Automotive mechanics perform a variety of tasks, repairs, and routine maintenance on vehicles. Auto mechanics must have a complete knowledge of the full workings of all parts, components, and systems within a vehicle to ensure that the car or truck functions properly. Auto mechanics source and repair a variety of mechanical and electrical issues, problems and malfunctions with automobiles and light trucks. Additionally, auto mechanics must be able to understand and safely operate a number of tools, computers, and other technologies to source problems and make repairs. Automotive mechanics are required to repair and improve the overall performance of vehicles and perform a far range of functions from basic vehicle maintenance tasks like oil changes to tire rotations, as well as diagnose malfunctions of more complex systems like electrical issues, computers, engines, transmissions, brakes, fuel, or heating/air conditioning problems.
As automobile technologies have become increasingly complex, training to qualify as an automotive mechanic requires a substantial time investment, sound hand/eye coordination, and a number of technical skills to utilize manuals, computerized machines, and power tools. The work of an automobile mechanic has evolved to meet the demands of increasingly sophisticated, high level technology based vehicles in comparison to the simple mechanical repairs of the past. Most automobiles operate with integrated electronic systems and increasingly complex computer systems. As a result, automobile mechanics have increasingly difficult tasks of working with computerized repair or diagnostic equipment, digital reference materials, digital manuals, and other electronic components as well as the hand and power tools necessary to complete simple repairs. Most automotive mechanics are required to source mechanical or electrical problems based upon an owner’s explanation or reports from a repair service technician.
Auto mechanics are required to possess a diverse range of skills and possess experience to qualify for employment. Entry level auto mechanics face high competition for jobs and as a result, most employers prefer to hire candidates who have work experience and who have completed an apprenticeship or who have been formally trained within high school or vocational automotive service technology programs. Most employers seek candidates who have completed Automotive Youth Education Service programs certified by the National Institute for Automotive Service Excellence. Many programs require a minimum of a 6 month to one year time investment and require students to possess a minimum of a high school diploma or G.E.D. as well as their own tools. Some employers assist with the expense of purchasing the power and hand tools needed to begin entry level automotive mechanic work.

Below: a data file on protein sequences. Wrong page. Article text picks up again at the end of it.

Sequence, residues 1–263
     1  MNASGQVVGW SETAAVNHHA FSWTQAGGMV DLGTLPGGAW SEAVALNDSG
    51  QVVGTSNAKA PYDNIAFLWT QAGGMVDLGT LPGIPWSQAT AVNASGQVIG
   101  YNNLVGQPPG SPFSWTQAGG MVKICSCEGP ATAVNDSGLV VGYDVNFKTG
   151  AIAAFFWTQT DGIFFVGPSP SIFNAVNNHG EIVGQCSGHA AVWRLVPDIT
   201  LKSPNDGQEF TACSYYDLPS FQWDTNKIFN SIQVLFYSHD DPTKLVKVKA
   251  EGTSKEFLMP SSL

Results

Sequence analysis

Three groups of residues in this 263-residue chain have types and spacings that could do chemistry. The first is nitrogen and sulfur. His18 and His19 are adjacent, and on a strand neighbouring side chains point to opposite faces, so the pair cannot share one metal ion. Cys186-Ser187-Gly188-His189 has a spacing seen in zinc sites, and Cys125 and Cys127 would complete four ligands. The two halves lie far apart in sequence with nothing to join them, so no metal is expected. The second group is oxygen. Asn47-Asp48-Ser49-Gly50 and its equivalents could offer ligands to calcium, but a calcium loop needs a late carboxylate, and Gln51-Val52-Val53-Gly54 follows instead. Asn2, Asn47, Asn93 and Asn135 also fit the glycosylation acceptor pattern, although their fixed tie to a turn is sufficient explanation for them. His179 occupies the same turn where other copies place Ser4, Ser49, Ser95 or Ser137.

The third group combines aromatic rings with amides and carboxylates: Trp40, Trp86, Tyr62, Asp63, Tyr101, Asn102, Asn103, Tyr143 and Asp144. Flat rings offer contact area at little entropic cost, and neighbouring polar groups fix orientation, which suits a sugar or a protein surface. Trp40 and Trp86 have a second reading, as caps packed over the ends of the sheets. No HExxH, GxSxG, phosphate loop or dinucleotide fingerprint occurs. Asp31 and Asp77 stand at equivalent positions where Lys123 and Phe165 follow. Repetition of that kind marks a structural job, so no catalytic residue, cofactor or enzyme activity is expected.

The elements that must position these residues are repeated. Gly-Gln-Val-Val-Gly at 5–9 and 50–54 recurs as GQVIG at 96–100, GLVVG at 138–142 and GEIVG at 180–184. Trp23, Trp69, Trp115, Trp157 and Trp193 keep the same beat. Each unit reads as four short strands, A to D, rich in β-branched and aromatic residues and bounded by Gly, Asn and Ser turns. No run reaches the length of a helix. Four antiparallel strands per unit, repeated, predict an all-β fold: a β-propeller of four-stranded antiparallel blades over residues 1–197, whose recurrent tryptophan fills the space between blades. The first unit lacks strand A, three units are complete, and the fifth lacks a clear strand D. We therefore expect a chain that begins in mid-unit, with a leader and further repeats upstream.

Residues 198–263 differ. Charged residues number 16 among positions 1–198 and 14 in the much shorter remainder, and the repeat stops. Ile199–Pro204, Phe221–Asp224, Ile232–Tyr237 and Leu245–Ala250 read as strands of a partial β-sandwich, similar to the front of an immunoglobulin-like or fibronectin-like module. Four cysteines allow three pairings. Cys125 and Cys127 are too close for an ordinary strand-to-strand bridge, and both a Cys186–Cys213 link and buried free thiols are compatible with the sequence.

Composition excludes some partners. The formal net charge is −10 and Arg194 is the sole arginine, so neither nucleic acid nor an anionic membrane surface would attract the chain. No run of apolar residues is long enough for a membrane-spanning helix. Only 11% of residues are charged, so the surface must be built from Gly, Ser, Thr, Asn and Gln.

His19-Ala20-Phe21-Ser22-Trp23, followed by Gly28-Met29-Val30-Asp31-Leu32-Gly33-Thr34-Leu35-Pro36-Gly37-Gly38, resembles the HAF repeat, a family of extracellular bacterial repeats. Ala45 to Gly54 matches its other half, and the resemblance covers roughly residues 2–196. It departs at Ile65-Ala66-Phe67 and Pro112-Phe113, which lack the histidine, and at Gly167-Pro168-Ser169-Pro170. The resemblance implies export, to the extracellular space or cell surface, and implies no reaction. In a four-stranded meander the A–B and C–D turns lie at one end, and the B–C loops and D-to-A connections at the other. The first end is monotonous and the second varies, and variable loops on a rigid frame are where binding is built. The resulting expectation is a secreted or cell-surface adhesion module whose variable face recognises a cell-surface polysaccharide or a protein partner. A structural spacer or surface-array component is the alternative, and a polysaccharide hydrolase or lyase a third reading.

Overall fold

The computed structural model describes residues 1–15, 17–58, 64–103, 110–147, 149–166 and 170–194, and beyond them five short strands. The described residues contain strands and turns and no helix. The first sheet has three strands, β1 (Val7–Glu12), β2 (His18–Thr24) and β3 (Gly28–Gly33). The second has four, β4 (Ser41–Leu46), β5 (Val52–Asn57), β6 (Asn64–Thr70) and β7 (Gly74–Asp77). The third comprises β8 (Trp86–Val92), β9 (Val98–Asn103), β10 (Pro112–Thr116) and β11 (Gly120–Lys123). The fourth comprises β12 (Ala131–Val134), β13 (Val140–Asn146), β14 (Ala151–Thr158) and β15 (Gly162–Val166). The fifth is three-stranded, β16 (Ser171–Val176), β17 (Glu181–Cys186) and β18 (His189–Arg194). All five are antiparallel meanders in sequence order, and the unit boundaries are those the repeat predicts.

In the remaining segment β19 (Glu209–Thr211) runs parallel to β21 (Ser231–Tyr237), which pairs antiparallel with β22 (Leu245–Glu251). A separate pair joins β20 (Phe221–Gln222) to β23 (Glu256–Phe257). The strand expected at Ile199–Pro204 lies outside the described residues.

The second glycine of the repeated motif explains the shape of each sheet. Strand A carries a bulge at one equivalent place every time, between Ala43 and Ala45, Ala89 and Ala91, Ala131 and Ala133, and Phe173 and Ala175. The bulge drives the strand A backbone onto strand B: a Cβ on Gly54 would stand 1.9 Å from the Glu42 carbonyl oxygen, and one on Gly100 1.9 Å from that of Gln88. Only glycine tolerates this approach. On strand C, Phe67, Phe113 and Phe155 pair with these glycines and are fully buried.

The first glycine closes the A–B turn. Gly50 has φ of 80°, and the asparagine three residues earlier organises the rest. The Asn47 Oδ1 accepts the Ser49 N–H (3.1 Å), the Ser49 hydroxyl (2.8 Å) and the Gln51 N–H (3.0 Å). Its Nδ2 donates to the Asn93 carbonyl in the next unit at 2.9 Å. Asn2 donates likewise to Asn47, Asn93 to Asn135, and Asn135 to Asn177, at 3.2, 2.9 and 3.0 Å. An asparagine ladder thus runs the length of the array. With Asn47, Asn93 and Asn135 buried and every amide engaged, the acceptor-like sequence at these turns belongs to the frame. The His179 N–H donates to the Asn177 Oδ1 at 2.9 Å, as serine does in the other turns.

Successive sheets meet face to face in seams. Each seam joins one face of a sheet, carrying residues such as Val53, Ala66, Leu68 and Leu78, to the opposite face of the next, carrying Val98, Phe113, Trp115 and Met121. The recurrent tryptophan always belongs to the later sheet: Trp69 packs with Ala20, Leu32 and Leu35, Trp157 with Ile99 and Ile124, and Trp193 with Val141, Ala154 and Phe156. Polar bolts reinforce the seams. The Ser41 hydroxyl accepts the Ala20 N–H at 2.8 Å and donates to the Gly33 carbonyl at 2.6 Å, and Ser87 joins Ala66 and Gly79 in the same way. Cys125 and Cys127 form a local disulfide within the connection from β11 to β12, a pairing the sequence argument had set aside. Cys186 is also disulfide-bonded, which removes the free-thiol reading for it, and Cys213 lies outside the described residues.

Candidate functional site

High school students interest in establishing careers as an automotive mechanic may prepare by participating in courses like: physics, chemistry, English, computers, and mathematics. Some high schools also offer students the ability to complete studies within automotive repair programs through trade or technical school programs. Most high school graduates advance to apprenticeship programs or continue studies within certificate programs, community college programs, or training programs offered by automobile manufacurers or franchised dealerships. Students who enter trade or vocational school programs generally complete studies within six months and gain required knowledge and experience through the combination of hands on practice and classroom instruction. Some community colleges offer one year certificate programs or two year associate degree programs in automotive repair. Most offer courses including: basic mathematics, English, computers, customer service, and business related course Most training programs sponsored by automobile manufactures and dealerships allow students to work full time while attending classes to gain on the job training in addition to learning classroom theories and techniques.
Apprenticeship programs offer students the ability to begin employment within entry level automotive jobs as trainee technicians, lubrication workers, or technician’s helpers. Individuals within apprenticeships generally develop skills working closely with highly trained mechanics and technicians. Individuals begin with simple repair or service duties and advance to more complex work as they develop skills. Apprenticeship programs generally require two to five years of on the job training before individuals advance to journey level, fully qualified automotive mechanic positions.